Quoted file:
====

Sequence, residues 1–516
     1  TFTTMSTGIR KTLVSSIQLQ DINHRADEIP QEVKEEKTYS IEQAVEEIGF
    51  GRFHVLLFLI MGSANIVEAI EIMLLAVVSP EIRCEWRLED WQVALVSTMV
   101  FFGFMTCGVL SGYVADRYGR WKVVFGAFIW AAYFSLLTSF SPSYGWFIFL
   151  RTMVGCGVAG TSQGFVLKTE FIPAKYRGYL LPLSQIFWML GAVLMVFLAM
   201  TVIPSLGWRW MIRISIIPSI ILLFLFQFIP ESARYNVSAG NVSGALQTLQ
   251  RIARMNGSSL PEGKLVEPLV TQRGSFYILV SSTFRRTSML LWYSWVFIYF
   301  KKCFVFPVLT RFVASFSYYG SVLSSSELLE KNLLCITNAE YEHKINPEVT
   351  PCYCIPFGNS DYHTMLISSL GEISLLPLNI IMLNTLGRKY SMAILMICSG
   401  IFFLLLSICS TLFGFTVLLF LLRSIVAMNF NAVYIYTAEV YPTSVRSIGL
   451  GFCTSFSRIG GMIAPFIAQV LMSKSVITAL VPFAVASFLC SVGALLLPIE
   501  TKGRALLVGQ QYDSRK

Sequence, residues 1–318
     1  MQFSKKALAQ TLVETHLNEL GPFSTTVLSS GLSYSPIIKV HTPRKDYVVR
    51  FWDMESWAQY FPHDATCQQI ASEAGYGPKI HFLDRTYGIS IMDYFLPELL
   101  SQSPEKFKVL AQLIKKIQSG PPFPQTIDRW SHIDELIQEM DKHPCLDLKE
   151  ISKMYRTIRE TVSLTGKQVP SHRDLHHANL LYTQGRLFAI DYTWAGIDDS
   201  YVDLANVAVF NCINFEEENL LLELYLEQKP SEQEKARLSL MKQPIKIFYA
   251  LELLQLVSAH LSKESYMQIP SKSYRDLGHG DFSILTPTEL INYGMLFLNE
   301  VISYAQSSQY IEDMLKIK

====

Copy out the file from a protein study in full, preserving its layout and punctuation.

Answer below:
Sequence, residues 1–516
     1  TFTTMSTGIR KTLVSSIQLQ DINHRADEIP QEVKEEKTYS IEQAVEEIGF
    51  GRFHVLLFLI MGSANIVEAI EIMLLAVVSP EIRCEWRLED WQVALVSTMV
   101  FFGFMTCGVL SGYVADRYGR WKVVFGAFIW AAYFSLLTSF SPSYGWFIFL
   151  RTMVGCGVAG TSQGFVLKTE FIPAKYRGYL LPLSQIFWML GAVLMVFLAM
   201  TVIPSLGWRW MIRISIIPSI ILLFLFQFIP ESARYNVSAG NVSGALQTLQ
   251  RIARMNGSSL PEGKLVEPLV TQRGSFYILV SSTFRRTSML LWYSWVFIYF
   301  KKCFVFPVLT RFVASFSYYG SVLSSSELLE KNLLCITNAE YEHKINPEVT
   351  PCYCIPFGNS DYHTMLISSL GEISLLPLNI IMLNTLGRKY SMAILMICSG
   401  IFFLLLSICS TLFGFTVLLF LLRSIVAMNF NAVYIYTAEV YPTSVRSIGL
   451  GFCTSFSRIG GMIAPFIAQV LMSKSVITAL VPFAVASFLC SVGALLLPIE
   501  TKGRALLVGQ QYDSRK

Sequence, residues 1–318
     1  MQFSKKALAQ TLVETHLNEL GPFSTTVLSS GLSYSPIIKV HTPRKDYVVR
    51  FWDMESWAQY FPHDATCQQI ASEAGYGPKI HFLDRTYGIS IMDYFLPELL
   101  SQSPEKFKVL AQLIKKIQSG PPFPQTIDRW SHIDELIQEM DKHPCLDLKE
   151  ISKMYRTIRE TVSLTGKQVP SHRDLHHANL LYTQGRLFAI DYTWAGIDDS
   201  YVDLANVAVF NCINFEEENL LLELYLEQKP SEQEKARLSL MKQPIKIFYA
   251  LELLQLVSAH LSKESYMQIP SKSYRDLGHG DFSILTPTEL INYGMLFLNE
   301  VISYAQSSQY IEDMLKIK